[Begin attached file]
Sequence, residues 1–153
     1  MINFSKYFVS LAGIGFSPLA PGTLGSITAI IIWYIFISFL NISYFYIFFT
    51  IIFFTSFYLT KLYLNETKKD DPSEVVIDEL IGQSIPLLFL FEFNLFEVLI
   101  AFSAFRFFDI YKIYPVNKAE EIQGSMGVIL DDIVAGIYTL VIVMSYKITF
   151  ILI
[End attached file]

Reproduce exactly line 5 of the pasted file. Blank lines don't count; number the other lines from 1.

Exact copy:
   151  ILI